Wednesday, November 3rd, was five weeks post-surgery. The Celebrex seemed to lessen the pain and stiffness, but of course the tingling continued. I went to physical therapy and the therapist told me that the cramps I was feeling was due to lack of movement in my muscles. This made sense, since moving around helped with that pain. The therapist wanted me to wear the air cast whenever I was walking around, since I needed the support and eventually I would be walking with just the air cast and no crutches. My foot was sore after therapy and I couldn't wait until the range of motion improved.
On Thursday I had forgotten to take the Celebrex in the morning and my foot was fine all day, even after doing my exercises. I walked around the house for at different intervals to get my foot used to walking inside the air cast.
By Friday the pain was back again and physical therapy did not help ease the pain. I noticed that I was probably not pushing myself as much as I should have been due to fear of the pain. I would definitely need to work on that! I also couldn't wait until I could use my foot normally again; I would watch all the other patients doing their leg lifts and other exercises that I could not yet do and was so frustrated. Then I realized the reason for my frustration: for so long I had been unable to use my left foot for so many things, and even after having surgery I still couldn't use my foot! Part of me wondered why I even bothered getting the surgery at all. My physical therapist reminded me that eventually my foot would be normal again, I would just have to be patient and quell my anxiousness to get back on both feet.
Saturday morning my foot was still stiff and sore, so I took Celebrex that morning but it didn't seem to help. So I decided to not take it anymore, especially since it is meant for arthritis pain and technically I no longer had arthritis. I kept my pain relief down to over-the-counter medication.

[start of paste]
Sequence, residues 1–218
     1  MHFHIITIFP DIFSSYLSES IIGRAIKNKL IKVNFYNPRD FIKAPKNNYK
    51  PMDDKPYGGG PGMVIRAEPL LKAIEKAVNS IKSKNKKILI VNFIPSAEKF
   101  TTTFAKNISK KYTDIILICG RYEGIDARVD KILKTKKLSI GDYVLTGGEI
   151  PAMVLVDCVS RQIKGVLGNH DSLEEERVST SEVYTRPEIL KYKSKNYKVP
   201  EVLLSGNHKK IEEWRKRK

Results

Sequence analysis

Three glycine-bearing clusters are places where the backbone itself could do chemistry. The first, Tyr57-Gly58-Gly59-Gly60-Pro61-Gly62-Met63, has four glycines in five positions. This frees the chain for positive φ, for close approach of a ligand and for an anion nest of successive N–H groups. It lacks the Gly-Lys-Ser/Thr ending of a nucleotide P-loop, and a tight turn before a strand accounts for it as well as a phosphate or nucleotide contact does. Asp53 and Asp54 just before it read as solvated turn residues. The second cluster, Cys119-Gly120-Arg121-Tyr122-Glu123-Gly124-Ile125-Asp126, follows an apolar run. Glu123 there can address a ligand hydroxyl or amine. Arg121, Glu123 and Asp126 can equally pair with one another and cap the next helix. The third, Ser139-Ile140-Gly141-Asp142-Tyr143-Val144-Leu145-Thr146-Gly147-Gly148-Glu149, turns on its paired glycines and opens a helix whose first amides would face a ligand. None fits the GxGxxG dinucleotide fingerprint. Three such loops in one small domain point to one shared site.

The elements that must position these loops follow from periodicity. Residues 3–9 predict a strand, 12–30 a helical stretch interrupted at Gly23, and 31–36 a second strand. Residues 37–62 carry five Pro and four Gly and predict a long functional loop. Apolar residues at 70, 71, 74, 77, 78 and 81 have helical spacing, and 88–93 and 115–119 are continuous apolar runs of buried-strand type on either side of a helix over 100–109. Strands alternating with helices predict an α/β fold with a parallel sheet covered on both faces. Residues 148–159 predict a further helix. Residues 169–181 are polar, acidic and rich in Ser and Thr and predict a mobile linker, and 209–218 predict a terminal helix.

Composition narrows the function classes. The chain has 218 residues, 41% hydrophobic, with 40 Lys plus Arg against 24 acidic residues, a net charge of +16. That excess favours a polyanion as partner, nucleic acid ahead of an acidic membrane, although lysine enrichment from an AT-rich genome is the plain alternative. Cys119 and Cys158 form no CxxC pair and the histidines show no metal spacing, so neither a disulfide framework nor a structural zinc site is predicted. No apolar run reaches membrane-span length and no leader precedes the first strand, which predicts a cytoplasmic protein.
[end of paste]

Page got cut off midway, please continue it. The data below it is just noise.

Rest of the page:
My physical therapist had told me to start using one crutch instead of two, to help begin the process of putting more weight on my foot. He said it would be uncomfortable in the beginning but that was normal and part of the rehabilitation. So over the weekend I worked on getting around on one crutch and by Monday morning I was getting around much better. My ankle was still sore after walking around but it felt good to have one hand free; getting up and down the stairs in my house was much easier but I still didn't do that unless I absolutely had to.
I also noticed that the spasms were less and less frequent, although when they did come they were still excrutiating. Sometimes there was a pulsing in my foot, usually in my heel or my big toe, that felt like a small, stabbing needle. The worst part of the spasms and pulsing was that there was nothing I could do except massage and move my foot around. Pain medication did not help these sensations at all.
On Monday my therapist also started me on more leg exercises during our sessions and these hurt immensely. How I wished I had worked up my leg muscles before the therapy! I had begun using one crutch to walk around so I could put more weight on my foot and by the end of the day my ankle was pretty sore. One of the bad things about being a little more mobile was feeling like I could do so much when I still needed to take things slow. My endurance and energy were still not 100% and I could not spend too much time on my foot. Having been a very active person before the surgery it was hard to remember to take things one day at a time.